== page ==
The PR boom that had swept the music business in the 1970s really hit its stride in the 1980s.
MTV launched on August 1st 1981 and ensured that artists’ images were just as important as the musical package. In fact, a good image and strong video could sell an artist all over the world without any need to play live.
At the same time, the tabloid press had cottoned on to the power of music biz celebrity; columns like Bizarre and The 3am Girls, both of which featured in The Sun newspaper, were huge successes and reiterated that the public’s appetite for showbiz stories knew no bounds. PR and tabloid journalism were in their heyday, and they could make or break a career.
So thank goodness there was a writer like Tom Hibbert around. He cut through the PR schtick and exposed the chancers, pretenders and prima donnas of the ’80s for what they were, and in the process wrote some of the most pithy and hilarious music articles of all time.
With his shoulder-length hair, ever-present fag/pint, disarmingly faux-naif style and penchant for obscure psych bands, he was always going to be more comfortable in the late-’60s than the preening mid-’80s (apparently he only really rated Iggy Pop, Jerry Garcia, Syd Barrett and Ray Davies from the ‘pop’ world).
Later, with his work on Smash Hits and particularly Q Magazine, he invented a whole new, much-imitated lexicon of music journalism. He would begin pieces with expressions like: ‘Phew, rock’n’roll, eh, readers?’
David Bowie was rechristened as The Dame, Cliff as Sir Clifford Of Richard, Paul McCartney as Fab Macca Wacky Thumbs Aloft and Freddie Mercury as Lord Frederick Lucan Of Mercury.
The gentle p*ss-taking was quite a change from the reverential Melody Maker/Sounds era. When commissioned to write a biography of Billy Joel, Hibbert apparently wrote most of it about Joel’s almost totally unknown psych band, The Hassles, and dismissed the rest of his career in the final chapter!*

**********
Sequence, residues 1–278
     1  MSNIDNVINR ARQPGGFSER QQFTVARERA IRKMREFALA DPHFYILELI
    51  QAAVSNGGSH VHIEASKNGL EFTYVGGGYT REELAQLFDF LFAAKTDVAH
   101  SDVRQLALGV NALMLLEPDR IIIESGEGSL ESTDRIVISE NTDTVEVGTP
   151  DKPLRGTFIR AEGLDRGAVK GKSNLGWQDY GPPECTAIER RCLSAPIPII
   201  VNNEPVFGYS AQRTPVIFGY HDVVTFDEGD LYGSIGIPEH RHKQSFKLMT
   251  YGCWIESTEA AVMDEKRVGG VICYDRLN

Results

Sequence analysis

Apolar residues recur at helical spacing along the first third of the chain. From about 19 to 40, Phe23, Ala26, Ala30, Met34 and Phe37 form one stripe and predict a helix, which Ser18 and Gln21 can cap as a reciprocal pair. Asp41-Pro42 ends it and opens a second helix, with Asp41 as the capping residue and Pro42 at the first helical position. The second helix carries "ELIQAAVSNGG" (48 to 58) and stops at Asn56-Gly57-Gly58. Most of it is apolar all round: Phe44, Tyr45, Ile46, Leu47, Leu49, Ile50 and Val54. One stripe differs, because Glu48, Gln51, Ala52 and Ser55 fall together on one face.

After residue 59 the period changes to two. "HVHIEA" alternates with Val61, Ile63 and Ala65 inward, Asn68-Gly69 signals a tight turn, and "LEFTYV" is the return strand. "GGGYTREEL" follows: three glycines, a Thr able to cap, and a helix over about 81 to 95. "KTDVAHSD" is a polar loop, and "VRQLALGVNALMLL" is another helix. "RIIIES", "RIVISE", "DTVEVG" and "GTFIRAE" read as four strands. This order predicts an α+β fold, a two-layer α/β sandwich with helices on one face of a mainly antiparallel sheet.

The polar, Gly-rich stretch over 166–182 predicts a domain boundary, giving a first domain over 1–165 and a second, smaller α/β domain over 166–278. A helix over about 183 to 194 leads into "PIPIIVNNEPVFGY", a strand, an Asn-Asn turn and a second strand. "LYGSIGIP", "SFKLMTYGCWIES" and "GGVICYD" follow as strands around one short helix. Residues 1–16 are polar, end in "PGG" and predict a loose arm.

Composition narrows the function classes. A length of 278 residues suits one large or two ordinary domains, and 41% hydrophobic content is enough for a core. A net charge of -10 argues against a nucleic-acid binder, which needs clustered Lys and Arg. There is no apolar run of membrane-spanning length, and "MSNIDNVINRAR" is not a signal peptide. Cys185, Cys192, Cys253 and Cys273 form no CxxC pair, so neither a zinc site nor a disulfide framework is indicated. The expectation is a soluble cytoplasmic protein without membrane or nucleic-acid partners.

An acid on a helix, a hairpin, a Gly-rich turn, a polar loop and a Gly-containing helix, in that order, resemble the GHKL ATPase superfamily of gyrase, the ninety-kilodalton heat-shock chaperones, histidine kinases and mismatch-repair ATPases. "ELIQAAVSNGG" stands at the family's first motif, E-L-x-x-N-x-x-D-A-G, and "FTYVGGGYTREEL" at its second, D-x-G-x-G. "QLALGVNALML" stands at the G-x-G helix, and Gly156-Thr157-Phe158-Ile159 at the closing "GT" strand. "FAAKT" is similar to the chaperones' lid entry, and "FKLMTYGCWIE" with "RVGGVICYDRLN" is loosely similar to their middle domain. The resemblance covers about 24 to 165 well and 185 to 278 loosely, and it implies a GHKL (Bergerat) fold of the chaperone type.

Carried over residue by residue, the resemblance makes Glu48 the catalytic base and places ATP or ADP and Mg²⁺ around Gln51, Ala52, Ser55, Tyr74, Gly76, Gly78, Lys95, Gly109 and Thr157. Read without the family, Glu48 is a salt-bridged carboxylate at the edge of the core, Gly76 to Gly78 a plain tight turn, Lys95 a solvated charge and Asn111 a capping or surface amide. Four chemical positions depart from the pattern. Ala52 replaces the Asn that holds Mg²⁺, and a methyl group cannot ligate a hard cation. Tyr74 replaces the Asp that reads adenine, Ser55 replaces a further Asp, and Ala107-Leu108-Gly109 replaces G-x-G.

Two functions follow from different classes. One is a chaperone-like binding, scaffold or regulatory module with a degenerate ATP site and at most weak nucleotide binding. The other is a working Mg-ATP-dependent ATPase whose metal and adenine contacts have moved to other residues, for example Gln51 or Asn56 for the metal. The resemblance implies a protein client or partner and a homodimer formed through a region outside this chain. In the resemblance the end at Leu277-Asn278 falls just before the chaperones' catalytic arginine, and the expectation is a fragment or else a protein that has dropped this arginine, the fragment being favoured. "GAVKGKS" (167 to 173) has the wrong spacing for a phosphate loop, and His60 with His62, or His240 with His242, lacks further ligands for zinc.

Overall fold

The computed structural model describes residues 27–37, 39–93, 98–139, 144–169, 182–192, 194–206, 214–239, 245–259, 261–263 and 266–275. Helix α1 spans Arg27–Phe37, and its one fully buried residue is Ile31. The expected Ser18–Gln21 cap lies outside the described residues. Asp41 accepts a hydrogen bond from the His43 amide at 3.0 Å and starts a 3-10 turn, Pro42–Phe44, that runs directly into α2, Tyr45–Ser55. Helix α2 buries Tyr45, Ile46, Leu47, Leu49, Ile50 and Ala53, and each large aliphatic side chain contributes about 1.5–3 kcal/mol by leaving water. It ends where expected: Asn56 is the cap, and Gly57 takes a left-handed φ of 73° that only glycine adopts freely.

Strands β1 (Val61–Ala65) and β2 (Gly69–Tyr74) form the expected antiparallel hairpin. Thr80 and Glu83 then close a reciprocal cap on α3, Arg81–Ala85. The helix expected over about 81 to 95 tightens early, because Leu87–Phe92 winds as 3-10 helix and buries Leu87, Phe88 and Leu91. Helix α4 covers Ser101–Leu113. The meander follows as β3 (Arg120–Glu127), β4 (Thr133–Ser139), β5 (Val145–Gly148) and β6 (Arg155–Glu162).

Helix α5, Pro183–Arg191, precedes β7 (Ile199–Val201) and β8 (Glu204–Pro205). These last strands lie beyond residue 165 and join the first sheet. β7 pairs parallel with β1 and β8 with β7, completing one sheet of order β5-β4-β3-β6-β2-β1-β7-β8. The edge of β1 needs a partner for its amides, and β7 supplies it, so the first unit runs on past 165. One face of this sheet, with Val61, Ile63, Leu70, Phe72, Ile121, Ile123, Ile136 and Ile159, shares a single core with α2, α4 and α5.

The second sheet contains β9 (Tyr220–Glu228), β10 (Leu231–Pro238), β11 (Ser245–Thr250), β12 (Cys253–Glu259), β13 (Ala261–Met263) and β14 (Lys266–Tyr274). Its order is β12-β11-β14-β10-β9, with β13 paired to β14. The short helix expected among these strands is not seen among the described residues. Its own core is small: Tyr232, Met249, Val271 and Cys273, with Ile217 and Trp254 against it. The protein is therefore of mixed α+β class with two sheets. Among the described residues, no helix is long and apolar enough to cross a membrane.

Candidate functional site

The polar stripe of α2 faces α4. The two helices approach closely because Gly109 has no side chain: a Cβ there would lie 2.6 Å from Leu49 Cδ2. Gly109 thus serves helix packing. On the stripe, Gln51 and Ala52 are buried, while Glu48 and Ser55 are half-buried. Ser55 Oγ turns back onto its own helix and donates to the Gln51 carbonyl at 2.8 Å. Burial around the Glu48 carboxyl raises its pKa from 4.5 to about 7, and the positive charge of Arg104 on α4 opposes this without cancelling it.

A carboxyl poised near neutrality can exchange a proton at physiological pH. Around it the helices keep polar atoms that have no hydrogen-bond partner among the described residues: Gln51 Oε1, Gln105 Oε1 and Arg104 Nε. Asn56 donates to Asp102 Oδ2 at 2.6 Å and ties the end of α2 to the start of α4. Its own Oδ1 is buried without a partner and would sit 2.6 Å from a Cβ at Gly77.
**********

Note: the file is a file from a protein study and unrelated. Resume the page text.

Tom hit his stride writing the notorious ‘Who The Hell Do They Think They Are’ articles in Q which generally exposed and belittled the more gullible, self-important celebs of the ’80s, usually from the world of music. He was given a right bollocking by Jerry Lee Lewis after one too many questions about The Killer’s rivalry with Elvis:
‘Don’t nit-pick me, boy! You mention Elvis to me again, you keep digging me about that and I’m gonna kill you, so help me God!’
He pulled off a similar trick with Ringo, ignoring instructions from the PR and asking repeated questions about The Beatles. Mr Starkey could contain himself no longer, bawling:
‘You’re talking sh*t!’
Tom also elicited some seriously weird recollections from Chuck Berry and Yoko, and managed to nail topless-model-turned-pop-star Samantha Fox, Bananarama, Bros and Gary Glitter with his disarming, give-’em-enough-rope-to-hang-themselves style.
He flew to Brazil and tracked down notorious train robber/friend of the Sex Pistols Ronnie Biggs, and – perhaps predictably – got along quite well with him.
At the height of Q’s popularity in 1987, Tom was given the dream gig: an audience with Thatcher. She obviously thought this would be a golden chance to woo the nation’s ‘youth’ but came nicely unstuck when she gleefully revealed that her favourite singer was Cliff and favourite song ‘(How Much Is) That Doggie In The Window’. You can read the interview here.
Tom also interviewed actor Rupert Everett in 1987, at a time when the thespian was trying to reposition himself as a credible pop singer. Hibbert’s preamble to the interview ran thus:
He wears the soiled leather jacket and the shades (on this drab and rainy day) of the rock star, but his attempt at the street-damaged look is foiled somewhat by the poise and delivery of the effete and English ac-tor. Close your eyes as he talks and you might imagine him to be dressed in a velveteen smoking jacket, and that it were a delicate ebony cigarette holder he was chewing on rather than a lettuce and tomato sandwich…
Later interviews with Status Quo, Boy George, Roger Waters, Television and Jonathan Richman make me chuckle to this day, and some of them are in this collection.
Son of esteemed historian Christopher Hibbert, Tom was born and brought up in Henley-on-Thames in Oxfordshire. His early career involved writing for home-improvement periodicals and playing guitar in a few unheralded bands.
Sadly, Tom died in September 2011 at the age of just 59, his rather unhealthy lifestyle finally catching up with him. But as John Lydon told Tom during a Q interview in 1995, ‘You’re rather squalid, but I enjoy that. Ha-ha-ha-ha!’
*I need to verify that…